Dentists won’t need to sign up for national dental-care plan to participate: health minister

Health Minister Mark Holland explains to Breakfast Television what Canadians can expect from the national dental-care plan set to start in May.

By Patricia D'Cunha

Amid criticism and concerns about the national dental-care plan, Health Minister Mark Holland tells CityNews dentists won’t have to sign up for the new plan anymore to participate in the program.

Under the initial plan, dentists had to opt into the plan but some say they didn’t have enough information about the program to sign up, which made patients worry if their dentist told them they would not be participating.

“We’re taking that away,” Holland said on Breakfast Television on Thursday, adding he’s been speaking with dental providers who have said they’re nervous about signing up for the program.

“We’re gonna make it so easy to participate. All you have to do is have somebody walk in, show their card, and a dentist can try it once and see how they like it, see how it works for them. We’re making it so that it’s as simple as any other insurance plan.”

Holland said the update to the program hasn’t officially been announced but that it’s important for those who require dental care to receive it.

“Working with providers we want to make it as easy as possible for them to participate and to take away any concerns that they might have. If you don’t get your mouth taken care of, it can lead to all kinds of chronic disease and illness so it’s a major issue around prevention not just social justice.”

CityNews asked the minister if dentists would still have to sign up for the plan even after dentists try it out one time.

“No … if you want to continue just using the portal without ever sort of agreeing to participate, you can. And then you can just keep doing it once, a thousand times. And then if you get comfortable, then you could put yourself on the list of providers if you want, so it’s a simple process.”

The Canadian Dental Care Plan (CDCP), which was a key pledge in the Liberals’ political pact with the NDP, is expected to provide dental coverage to uninsured families who earn a household income of under $90,000. Registration has been rolled out in phases, and eligible seniors 65 and older are expected to begin receiving coverage. The program is expected to cost $13 billion over five years.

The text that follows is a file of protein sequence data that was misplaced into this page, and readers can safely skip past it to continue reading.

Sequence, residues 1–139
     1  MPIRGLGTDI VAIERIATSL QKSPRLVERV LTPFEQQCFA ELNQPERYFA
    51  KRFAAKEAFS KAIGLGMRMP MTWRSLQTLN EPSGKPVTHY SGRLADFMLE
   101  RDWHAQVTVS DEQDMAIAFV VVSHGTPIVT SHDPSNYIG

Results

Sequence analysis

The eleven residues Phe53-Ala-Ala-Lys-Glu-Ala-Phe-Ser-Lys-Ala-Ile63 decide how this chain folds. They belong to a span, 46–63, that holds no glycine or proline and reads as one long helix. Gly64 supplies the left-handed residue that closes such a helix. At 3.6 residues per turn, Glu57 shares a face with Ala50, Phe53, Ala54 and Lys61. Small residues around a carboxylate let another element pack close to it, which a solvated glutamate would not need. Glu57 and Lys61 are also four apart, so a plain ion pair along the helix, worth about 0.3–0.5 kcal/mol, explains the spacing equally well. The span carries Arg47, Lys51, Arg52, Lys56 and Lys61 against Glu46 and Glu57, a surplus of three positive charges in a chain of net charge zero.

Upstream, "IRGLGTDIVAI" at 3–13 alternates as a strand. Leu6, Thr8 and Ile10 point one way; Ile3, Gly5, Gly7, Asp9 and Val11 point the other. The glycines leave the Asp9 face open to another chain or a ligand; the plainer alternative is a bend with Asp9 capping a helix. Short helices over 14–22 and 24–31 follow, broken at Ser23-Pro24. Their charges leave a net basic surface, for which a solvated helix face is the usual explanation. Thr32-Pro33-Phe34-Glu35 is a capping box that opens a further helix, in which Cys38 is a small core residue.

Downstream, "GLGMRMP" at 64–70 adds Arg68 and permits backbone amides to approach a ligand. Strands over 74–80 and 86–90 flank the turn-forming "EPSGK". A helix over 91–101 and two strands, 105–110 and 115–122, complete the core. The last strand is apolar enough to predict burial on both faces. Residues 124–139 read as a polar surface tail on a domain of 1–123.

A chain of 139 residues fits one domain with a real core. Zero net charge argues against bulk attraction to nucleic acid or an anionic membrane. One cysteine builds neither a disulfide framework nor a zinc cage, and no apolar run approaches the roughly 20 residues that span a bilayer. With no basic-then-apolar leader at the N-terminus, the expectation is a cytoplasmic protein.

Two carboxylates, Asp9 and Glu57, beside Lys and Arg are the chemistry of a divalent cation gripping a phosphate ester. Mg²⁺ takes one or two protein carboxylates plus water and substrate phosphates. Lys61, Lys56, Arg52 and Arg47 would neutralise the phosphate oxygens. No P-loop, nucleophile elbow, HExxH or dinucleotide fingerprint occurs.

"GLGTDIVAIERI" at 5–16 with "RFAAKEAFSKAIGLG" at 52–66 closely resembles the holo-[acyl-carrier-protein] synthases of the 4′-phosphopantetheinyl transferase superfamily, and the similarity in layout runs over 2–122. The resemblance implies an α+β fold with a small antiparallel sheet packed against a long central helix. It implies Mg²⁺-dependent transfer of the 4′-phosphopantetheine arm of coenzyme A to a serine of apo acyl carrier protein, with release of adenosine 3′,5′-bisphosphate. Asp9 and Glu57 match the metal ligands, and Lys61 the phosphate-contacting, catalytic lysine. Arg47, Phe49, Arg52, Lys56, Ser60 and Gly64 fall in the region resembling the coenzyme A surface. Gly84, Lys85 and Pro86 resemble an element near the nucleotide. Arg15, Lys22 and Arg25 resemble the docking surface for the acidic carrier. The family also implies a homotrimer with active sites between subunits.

The Liberals have been facing criticism for the program and on Wednesday, Holland said the government is working to address dentists’ concerns by making it easier to participate without having to officially enroll, and expects to see “huge participation.”

The Canadian Dental Association said dentists cannot participate in a national dental-care plan unless they know exactly how it will work.

“We need to know what we’re agreeing to and what we’ll be able to do for the patients in order to care for them,” Heather Carr, the association’s president said Wednesday. “I feel that we need to get it right from the beginning.”

Holland was also asked during Thursday’s interview if dentists would be asked to bill less for participants who are eligible for the program.

Currently, each provincial and territorial dental association has its own guide to how much dental services cost.

“The fee guides aren’t set by us, the fee guides are set by the dentist, they have a separate process, so we have to, as you know respecting tax dollars, look at what we can afford as a government,” Holland said.

“So, for example, in cleaning that’s about 97 per cent of the fee guide so there’s a gap … a dentist is going to see a patient take a look at their circumstances and make a call, but if they’re at 97 per cent [and] if they wanted to charge three per cent for equal billing, then they can do that. I’m not going to champion it, because I want them to take a look at individual circumstances.”

“These are, remember, in many cases, very vulnerable people. We have seniors on very limited incomes, who’ve never had oral health care before, going into the dentist’s office for the first time.”

A spokesperson with the health minister’s office clarified Friday that while fee guides are independently set out by each provincial and territorial dental associations, they are “just guides – practitioners can choose to charge more or less than their PT’s (provincial/territorial) fee guide.”

“When it comes to the CDCP, the government, in balancing the need to be fiscally responsible and ensuring practitioners are compensated fairly, has set out its own fee guide that will determine the amounts that it will cover under the CDCP.”

The national dental care program is expected to roll out May 1 starting with seniors. Holland said it will then roll out to the rest of the population over the next year and a half.

With files from The Canadian Press

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